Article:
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The departure under pressure Wednesday of Erich Honecker as leader of the German Democratic Republic sends a strong and encouraging signal throughout Eastern Europe.

The message is that leaders of other Soviet satellites had better start paying closer attention to Moscow and go at least as far as Mikhail Gorbachev has in relaxing restrictions on individual liberties and trying to produce more consumer products.What an ironic political epitaph this is for Honecker, who rose to power and held onto it for 18 years by cracking down at home and being loyal to Moscow. But the loyalty lasted only as long as Moscow resisted change anywhere behind the Iron Curtain.

Once Moscow itself altered course, pressures on Honecker to shift or leave started to mount. Those pressures took the form of a wave of popular protests and a massive exodus of Germans from the German Democratic Republic to the West.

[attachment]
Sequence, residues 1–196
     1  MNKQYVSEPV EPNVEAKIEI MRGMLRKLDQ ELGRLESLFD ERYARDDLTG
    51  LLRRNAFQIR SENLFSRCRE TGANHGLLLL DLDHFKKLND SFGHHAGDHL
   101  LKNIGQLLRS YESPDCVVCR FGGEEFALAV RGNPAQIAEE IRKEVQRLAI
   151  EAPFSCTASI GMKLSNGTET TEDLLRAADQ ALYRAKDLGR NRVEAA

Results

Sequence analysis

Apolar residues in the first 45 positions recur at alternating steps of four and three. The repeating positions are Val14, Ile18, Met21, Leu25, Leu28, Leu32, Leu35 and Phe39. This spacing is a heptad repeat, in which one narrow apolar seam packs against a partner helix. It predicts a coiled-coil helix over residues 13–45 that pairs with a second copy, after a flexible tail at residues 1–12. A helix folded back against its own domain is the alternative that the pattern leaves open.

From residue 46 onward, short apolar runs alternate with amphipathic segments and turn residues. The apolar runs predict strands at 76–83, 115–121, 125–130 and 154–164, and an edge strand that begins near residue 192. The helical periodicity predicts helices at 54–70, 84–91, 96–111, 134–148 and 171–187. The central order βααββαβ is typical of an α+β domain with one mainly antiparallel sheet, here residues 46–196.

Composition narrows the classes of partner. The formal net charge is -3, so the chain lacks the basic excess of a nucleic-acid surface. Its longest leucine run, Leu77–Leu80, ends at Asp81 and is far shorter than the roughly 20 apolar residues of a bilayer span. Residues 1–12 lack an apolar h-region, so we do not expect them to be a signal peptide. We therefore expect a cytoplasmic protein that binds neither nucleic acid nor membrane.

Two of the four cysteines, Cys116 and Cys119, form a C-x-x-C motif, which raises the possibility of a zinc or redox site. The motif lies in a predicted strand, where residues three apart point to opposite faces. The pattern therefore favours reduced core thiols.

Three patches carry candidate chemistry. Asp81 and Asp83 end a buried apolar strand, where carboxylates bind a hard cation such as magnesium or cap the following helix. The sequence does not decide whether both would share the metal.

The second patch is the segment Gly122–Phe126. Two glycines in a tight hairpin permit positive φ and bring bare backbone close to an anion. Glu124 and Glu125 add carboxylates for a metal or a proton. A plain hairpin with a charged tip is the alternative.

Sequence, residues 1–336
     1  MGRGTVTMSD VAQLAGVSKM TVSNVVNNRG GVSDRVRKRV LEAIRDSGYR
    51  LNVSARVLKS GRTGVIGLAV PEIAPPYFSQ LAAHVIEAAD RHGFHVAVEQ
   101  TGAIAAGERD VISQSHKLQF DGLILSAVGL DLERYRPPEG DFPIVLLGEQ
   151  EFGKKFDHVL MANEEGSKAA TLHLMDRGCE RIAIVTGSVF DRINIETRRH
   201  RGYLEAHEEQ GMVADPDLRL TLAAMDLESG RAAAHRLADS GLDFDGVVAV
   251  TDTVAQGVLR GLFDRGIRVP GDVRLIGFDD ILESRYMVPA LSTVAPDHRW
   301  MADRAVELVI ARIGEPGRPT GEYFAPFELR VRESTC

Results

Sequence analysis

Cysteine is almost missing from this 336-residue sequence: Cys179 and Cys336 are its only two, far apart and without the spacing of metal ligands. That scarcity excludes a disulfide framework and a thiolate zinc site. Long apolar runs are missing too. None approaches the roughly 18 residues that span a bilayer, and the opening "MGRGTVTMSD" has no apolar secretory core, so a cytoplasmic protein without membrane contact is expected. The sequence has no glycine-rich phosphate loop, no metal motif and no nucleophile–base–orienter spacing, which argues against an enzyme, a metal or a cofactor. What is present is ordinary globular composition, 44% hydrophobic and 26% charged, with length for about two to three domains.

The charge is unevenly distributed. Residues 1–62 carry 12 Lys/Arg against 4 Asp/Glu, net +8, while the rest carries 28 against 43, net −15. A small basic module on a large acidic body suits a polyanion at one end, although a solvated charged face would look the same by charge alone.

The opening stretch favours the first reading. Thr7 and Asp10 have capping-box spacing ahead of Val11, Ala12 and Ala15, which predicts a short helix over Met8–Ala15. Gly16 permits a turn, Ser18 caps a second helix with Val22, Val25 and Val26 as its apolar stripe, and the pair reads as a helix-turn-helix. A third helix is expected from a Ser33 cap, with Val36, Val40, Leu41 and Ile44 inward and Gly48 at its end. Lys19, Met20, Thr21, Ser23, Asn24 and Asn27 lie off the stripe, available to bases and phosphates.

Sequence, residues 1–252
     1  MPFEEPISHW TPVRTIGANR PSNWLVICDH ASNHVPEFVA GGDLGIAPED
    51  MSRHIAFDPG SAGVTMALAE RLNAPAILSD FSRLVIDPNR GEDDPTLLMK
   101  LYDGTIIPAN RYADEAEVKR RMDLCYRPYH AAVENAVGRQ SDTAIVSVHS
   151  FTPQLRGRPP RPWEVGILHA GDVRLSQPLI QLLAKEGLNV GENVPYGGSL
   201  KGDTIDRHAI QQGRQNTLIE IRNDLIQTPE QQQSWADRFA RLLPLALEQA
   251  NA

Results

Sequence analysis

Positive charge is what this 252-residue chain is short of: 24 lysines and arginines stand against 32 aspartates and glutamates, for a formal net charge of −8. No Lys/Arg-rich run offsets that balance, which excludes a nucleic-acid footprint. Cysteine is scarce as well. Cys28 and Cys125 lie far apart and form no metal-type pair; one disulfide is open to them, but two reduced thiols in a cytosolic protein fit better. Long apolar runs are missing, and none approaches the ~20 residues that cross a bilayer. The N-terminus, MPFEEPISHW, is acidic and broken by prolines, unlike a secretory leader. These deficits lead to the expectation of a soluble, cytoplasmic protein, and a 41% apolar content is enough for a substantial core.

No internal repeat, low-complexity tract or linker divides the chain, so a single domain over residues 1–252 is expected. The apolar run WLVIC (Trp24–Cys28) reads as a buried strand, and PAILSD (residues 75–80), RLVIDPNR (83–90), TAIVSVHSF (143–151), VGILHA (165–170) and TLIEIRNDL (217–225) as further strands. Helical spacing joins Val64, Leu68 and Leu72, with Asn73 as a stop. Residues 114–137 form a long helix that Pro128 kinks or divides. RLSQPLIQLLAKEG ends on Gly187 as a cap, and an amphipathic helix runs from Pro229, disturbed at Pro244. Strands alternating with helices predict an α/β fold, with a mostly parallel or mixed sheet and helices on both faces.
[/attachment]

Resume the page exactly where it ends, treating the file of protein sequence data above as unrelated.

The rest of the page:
With Honecker's departure, a precious opportunity exists to bring change to a key part of the communist bloc - a part that has long been considered Moscow's staunchest ally.

But that opportunity can be muffed unless the Germans who have been fighting Honecker do a better job of organizing. Unlike Poland, which has gone the furthest in shaking off communist fetters, there is no charismatic leader in this part of Germany like Lech Walesa, no tough organization like Solidarity, and the aims of the protesters remain vague at a time when they need to start gelling into specific program and policy objectives.

Meanwhile, Erich Honecker, once popular with his fellow citizens, will now be remembered as the man who built the hated Berlin wall, opposed the reunification of Germany and fought political and economic reform. May his fate be kept firmly in mind by any other satellite leaders who may be tempted to resist the winds of change sweeping Eastern Europe.